While global warming may not be in question, many scientists have questioned the actual global warming effect theory due to many uncertainties. Whether or not humans are inherently responsible IS debatable and subject to skepticism along with whether or not the human race can influence the outcome of such. * The first theory on global warming dates back to 1886. A Swedish chemist by the name of Savant Awareness had a theory that a rise in atmospheric carbon dioxide emissions as a result from combustion fossil fuels could enhance the average surface temperature of the earth (Muslin, 2004).
While close to half the solar addition reaching the earth’s surface is reflected back into space, the remainder is absorbed by land masses and oceans, warming the earth’s surface and atmosphere. This warming process radiates energy, most of which passes through the atmosphere and back into space. However, small concentrations of greenhouse gases like water vapor and carbon dioxide convert some of this energy to heat and either absorb it or reflect it back to the earth’s surface (Christianson, 1999).
It is this foundation that fuels ours cognitive notion of global warming and the concatenation of events that result in a global rise in temperature. Global warming is a well known fact; however, there are many different speculations as to the causes. While there are those that like to believe that humans control the course of the global climate system, the truth is that there is also natural climate variability on a year to year basis (Jump, 201 1). This variability results through natural cloud changes, which alter the amount of sunlight being absorbed by the planet (Spencer, 2010).
There is more complexity to climate variability than sunlight and clouds. Our planet’s climate is dynamic and naturally varies on seasonal, decal, centennial, and longer timescales. Each “up and down” fluctuation can lead to conditions which are warmer or colder, wetter or drier, more stormy or quiescent (Millard & Woolens, 1999). * Perhaps the most well understood occurrence Of climate variability is the naturally occurring phenomenon known as the El NIH-Southern Oscillation (EONS), II Nine is a term coined by Peruvian fisherman to identify meteorological instability and ecological effects on fish and coastal life (Cavities, 1984).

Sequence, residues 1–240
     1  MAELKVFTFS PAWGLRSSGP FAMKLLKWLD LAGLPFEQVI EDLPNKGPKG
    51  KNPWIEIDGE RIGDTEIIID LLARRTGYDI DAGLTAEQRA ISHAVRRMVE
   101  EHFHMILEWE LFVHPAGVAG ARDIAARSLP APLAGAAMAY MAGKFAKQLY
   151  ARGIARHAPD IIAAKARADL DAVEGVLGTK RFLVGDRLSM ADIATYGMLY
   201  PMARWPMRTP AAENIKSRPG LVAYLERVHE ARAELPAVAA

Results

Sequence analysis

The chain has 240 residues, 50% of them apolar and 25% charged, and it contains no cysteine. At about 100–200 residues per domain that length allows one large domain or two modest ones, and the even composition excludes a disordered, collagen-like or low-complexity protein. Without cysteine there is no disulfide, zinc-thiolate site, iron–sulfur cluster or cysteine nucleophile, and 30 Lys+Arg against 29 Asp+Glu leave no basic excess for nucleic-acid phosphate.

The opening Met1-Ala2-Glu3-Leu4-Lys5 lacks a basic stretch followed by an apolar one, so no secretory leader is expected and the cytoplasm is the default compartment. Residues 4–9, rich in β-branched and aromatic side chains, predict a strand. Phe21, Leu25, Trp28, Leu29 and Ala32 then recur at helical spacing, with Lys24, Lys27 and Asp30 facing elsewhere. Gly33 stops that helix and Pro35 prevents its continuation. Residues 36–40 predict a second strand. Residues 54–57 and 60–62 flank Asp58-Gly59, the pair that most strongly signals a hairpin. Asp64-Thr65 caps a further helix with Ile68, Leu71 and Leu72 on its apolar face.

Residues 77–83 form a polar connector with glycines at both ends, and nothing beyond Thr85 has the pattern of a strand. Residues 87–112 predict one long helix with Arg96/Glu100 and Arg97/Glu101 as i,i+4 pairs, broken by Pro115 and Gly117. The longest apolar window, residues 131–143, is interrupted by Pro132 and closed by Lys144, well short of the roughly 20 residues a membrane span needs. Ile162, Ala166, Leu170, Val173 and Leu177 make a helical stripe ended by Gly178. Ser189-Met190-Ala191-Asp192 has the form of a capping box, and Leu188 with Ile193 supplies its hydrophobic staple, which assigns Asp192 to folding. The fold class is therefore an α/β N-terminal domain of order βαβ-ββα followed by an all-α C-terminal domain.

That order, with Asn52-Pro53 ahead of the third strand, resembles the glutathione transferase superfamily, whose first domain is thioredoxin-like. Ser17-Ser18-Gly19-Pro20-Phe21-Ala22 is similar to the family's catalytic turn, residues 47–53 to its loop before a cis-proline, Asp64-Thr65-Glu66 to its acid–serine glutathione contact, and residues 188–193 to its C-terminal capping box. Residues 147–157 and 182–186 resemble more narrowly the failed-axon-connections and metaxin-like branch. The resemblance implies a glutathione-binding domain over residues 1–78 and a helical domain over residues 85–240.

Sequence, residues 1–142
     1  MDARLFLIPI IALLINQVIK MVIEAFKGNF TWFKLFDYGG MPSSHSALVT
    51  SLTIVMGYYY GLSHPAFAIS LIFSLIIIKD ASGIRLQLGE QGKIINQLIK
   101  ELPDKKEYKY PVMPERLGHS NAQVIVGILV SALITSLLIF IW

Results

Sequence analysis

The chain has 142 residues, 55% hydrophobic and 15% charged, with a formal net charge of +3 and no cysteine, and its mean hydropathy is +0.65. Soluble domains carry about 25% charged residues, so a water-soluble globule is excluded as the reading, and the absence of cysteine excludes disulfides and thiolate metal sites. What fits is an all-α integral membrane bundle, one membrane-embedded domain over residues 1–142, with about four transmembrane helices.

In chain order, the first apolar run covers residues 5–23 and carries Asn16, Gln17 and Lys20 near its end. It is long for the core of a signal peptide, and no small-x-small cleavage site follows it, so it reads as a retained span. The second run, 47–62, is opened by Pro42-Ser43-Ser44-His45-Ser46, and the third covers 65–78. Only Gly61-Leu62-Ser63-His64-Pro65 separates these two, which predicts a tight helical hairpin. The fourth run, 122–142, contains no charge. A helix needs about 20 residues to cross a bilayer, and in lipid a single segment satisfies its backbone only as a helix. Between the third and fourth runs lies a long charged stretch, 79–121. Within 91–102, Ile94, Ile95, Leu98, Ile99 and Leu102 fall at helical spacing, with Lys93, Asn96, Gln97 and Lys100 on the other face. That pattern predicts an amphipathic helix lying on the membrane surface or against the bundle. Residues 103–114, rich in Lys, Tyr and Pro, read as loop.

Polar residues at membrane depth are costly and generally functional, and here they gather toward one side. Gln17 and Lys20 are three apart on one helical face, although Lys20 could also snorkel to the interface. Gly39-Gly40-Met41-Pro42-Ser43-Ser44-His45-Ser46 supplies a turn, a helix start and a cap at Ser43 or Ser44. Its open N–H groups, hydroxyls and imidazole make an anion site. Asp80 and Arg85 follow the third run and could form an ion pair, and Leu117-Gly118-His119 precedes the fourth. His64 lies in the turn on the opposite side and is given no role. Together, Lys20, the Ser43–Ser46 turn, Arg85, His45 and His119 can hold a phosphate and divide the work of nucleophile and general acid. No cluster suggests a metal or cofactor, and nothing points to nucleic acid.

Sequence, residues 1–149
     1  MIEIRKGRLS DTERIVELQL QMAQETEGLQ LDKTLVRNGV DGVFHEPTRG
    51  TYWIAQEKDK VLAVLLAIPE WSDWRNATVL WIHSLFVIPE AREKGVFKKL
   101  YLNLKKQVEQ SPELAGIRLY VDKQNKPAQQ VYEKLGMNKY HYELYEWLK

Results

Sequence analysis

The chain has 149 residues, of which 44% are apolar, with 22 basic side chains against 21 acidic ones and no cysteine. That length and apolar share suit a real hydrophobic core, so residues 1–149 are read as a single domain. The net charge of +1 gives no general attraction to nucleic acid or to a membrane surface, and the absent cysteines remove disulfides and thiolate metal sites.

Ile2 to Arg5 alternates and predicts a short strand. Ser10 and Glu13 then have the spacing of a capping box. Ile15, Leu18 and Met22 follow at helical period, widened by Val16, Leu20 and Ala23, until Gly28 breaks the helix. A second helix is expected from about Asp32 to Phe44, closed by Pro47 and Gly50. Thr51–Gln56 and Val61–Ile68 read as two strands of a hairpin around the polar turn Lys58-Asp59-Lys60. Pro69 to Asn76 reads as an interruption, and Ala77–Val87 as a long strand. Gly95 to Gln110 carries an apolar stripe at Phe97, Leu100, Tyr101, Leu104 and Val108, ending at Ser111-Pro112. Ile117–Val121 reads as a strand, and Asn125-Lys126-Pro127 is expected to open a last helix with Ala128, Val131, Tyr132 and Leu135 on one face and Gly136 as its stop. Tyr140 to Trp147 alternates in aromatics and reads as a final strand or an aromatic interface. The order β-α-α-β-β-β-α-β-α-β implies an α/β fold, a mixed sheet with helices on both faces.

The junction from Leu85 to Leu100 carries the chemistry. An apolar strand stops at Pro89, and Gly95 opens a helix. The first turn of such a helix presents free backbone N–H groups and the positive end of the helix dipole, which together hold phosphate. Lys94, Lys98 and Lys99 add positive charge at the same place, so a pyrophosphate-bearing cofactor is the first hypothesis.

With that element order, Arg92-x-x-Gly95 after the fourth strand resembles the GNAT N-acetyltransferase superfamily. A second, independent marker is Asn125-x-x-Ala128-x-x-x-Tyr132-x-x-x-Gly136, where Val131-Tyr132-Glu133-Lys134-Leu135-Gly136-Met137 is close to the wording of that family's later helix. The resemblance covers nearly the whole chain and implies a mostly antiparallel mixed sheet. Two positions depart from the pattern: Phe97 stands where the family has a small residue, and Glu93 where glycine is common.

This is an interaction between the ocean and the atmosphere over the tropical Pacific Ocean that has important consequences for weather around the globe. The EONS cycle is characterized by coherent and strong variations in sea-surface temperatures, rainfall, air pressure, and atmospheric circulation across the equatorial Pacific. El NIH refers to the warm phase of the cycle, in which above-average sea-surface temperatures develop across the east-central tropical Pacific (Cavities, 1984).
These variables in our climate are due to the change in the amount of energy entering and escaping from the Earth. The largest contributor in climatic forces comes in the form of short wave radiation from the Sun. Solar variability is major player in the distribution of energy throughout the Earth’s atmosphere. The changes in solar energy can be directly related to the Earth’s orbital path, changes in the tilt angle of the Earth, or variations in the energy coming from the Sun.
Also additional factor which can cause climatic fluctuations on yearly to decal timescales are volcanoes. Volcanic eruptions lead to enhancements of stratospheric and troposphere aerosols which for the most part reflect solar radiation, hence leading to global cooling on a global average (Carlen, et al. , 2005). * While humans might not be solely to blame for global warming we definitely have a ajar role. Most are familiar with the burning of fossil fuels (coal, oil, and gas) as a major contributor to the overall CO, although, just as equally important is that of deforestation.
It was realized that “conversions of land use, primarily deforestation in the tropics, induce substantial terrestrial carbon losses to the atmosphere, approximately 1. 6 billion tons annually/’ (Broadleaved, Freer-Smith, ; J. Lynch, 2007). While the cause of deforestation varies in different regions, the key contributors are cutting down tree to open up more land for agriculture, urban sprawl (Turk ; Bunsen, 2011). Forests work like filters to remove CO from the air and store it in the trees.